Finally the day came for the show to premier.  As Opening Night approached, everyone was nervous and incredibly excited.  How would the play (“Rembrandt Takes a Walk”, the stage adaptation of Mark Strand’s picture book) be received?  Would Soviet audiences “get” it?  American audiences loved the spectacle, but would Russian critics be as kind?  Or would we simply be a novelty for the elite and the curious?

We had also been told to dress up after the show because there was to be an official reception in our honor at the home of the U.S. Ambassador, the Honorable Jack Matlock, Jr.  This was going to be a night to remember.

The play went well.  The audience seemed appreciative, if a little muted – we were told that was normal for Soviet audiences, especially those a bit out of their element, viewing a Western production; time would tell what the critics thought.  The atmosphere among the players and the technicians, our Soviet counterparts and our Russian language interpreters (who went virtually everywhere with us), was effervescent.  There was a party vibe backstage, and a few toasts were raised and photos snapped before we were chauffeured to the huge stone mansion housing the Ambassador and his family.

When I walked into that elegant house, I almost burst into tears.  The lines of the house and the furnishings were graceful, not utilitarian.  There was thick, luxuriant carpeting under our feet, soft lighting, and it was actually warm.  Warm!  There were waiters carrying around trays filled with glasses of bubbling champagne, just like in the movies, and I even allowed myself a few sips in celebration (correctly believing myself to be pregnant, I had heretofore managed to surreptitiously fake drinking vodka up to this point – a difficult thing to do since drinking vodka was indeed a national pastime for the Soviets, and sharing toasts with our hosts was considered a show of true friendship).  But the most amazing, the most wonderful, the most incredible thing of all was the food.

Yes, it was finger food, but it was good, and fresh, and delicious. No gray meat anywhere! No boiled cabbage!  There were little cakes and such, little crackers and pates, but what everyone – everyone – went for was the vegetables.  Carrots, celery, broccoli – things we hadn’t seen in almost a month, mounds of them.  Crisp and fresh and delicious.  We couldn’t get enough, so beautiful, so colorful, so tasty!

But there was something that literally took my breath away – the strawberries.  Plump, red – oh, my gosh, such a beautiful red – sweet, fresh, bursting with actual healthy flavor; I’m pretty sure I did cry when I bit into the first one.  We take so much for granted in our own country of bounty!  How marvelous to have faith restored by one perfect, ripe, luscious strawberry!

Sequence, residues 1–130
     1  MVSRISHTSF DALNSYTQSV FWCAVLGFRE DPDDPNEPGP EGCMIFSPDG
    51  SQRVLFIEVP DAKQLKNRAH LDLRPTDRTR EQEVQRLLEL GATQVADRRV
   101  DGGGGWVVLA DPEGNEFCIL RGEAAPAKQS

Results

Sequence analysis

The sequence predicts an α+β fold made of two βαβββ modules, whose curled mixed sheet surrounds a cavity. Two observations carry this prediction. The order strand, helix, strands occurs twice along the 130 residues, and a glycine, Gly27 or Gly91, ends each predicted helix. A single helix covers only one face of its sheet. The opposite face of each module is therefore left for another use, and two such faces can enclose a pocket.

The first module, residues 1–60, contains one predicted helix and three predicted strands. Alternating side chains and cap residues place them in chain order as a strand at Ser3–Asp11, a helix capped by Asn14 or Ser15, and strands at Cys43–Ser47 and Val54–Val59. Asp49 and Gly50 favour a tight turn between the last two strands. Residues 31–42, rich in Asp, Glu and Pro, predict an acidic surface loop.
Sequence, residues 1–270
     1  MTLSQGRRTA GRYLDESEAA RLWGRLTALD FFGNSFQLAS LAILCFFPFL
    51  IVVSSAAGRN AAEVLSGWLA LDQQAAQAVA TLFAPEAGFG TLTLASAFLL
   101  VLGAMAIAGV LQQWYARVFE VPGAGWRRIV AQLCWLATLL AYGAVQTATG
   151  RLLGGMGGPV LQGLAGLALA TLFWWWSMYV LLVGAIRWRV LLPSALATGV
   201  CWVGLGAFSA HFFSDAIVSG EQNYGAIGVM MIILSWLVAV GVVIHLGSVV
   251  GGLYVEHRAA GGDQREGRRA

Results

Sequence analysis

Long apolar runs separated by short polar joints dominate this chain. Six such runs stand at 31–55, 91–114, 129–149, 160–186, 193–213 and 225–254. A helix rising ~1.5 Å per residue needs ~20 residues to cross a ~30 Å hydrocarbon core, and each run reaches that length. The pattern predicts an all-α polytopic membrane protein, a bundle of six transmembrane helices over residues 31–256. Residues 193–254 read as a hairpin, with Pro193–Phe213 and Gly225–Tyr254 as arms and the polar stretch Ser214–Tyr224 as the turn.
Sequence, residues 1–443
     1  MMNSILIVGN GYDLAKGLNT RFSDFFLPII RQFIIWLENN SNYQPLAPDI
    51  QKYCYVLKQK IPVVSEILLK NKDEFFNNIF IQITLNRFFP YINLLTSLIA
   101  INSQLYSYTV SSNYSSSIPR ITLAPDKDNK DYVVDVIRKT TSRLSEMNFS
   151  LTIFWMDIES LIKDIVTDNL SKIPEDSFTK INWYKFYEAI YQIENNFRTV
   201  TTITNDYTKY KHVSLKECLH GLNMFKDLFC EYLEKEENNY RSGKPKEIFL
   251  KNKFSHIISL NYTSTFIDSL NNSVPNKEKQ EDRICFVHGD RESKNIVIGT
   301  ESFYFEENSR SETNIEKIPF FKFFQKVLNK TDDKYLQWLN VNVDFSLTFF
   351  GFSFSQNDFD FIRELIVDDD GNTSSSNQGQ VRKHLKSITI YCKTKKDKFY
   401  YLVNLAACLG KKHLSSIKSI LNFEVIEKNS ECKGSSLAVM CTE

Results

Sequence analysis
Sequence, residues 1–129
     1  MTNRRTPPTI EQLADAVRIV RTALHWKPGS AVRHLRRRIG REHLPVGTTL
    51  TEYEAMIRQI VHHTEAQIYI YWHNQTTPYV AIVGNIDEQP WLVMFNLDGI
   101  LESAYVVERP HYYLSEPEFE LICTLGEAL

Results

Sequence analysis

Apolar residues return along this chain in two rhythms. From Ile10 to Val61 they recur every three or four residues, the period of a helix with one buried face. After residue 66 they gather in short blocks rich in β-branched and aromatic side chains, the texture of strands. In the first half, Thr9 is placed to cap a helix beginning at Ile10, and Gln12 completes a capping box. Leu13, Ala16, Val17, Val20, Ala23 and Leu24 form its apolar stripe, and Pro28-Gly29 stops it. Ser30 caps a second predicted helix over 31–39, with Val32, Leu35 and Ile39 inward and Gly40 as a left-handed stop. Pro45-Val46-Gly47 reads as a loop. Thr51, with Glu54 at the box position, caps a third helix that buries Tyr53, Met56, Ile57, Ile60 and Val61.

Still giddy with the success of Opening Night, and now flush with premium champagne and satiated with good food, we were ushered back to the hotel where we all poured in to the buffet to wind down from our incredible night.  The place was hopping; it was later than normal and the room, although crowded, was fairly dark, cigarette smoke wreathing the ceiling.  There were many voices, many languages bouncing off the walls, lots of people sitting and talking and drinking; it was going to hard to even find a seat at a table, but we were still flying, so it was all just fine.

My husband and I, along with one of the stage managers and a few technicians, found a place at a table at the edge of the room, and my husband fetched refreshments:  a bottle of Fanta for me and wine for everyone else.  We leaned back in our chairs and sighed in contentment, letting the affects of the evening wash over us – how amazing had this night been?  Whenever in our lives would we ever know this kind of adventure again?  After all, we were just normal, everyday people who had lucked out in this amazing opportunity.  Wasn’t life just effin’ incredible?

We sighed again, musing on the night, coming down from the high.  My husband sloshed remnants of his wine around in his glass, and stared off into the distance, letting the conversations from the rest of the room swirl, a hubbub cocooning us in our contentment.  Then he let out a little snort.

“What’s up?” I asked him.

He smiled, that kind of smile you get when you’re feeling a bit foolish, but you don’t care.  “I must have had more champagne than I realized,” he said, then leaned in towards me.  “I know I’m just seeing things, but I swear that’s David Gilmour.”

I looked to where he was indicating with a tilt of his chin.  The next table over, a couple of middle aged men were engaged in an easy going conversation.  Their dress was casual, their hair scruffier, their faces unguarded; these were no businessmen.  They had a worn look to them, but not worn down, as if they had known hard living but now could sit back and relax.  Definitely an artist vibe to them.  I regarded them abstract interest.

Suddenly my husband sat up straighter.  “Oh, my god,” he breathed.  “That IS David Gilmour.”

David Gilmour, lead singer and featured guitarist for Pink Floyd.  The man whose vocals and distinctive guitar work would grind a generation under his heel, uplift millions who felt downtrodden and forgotten, relate to those who had become comfortably numb, and bring angels to tears.  Who had taken control of the iconic band after the acrimonious split with founder Roger Waters.  Perhaps the most gifted rock musician of our time.  Who was, for my husband, on par with God.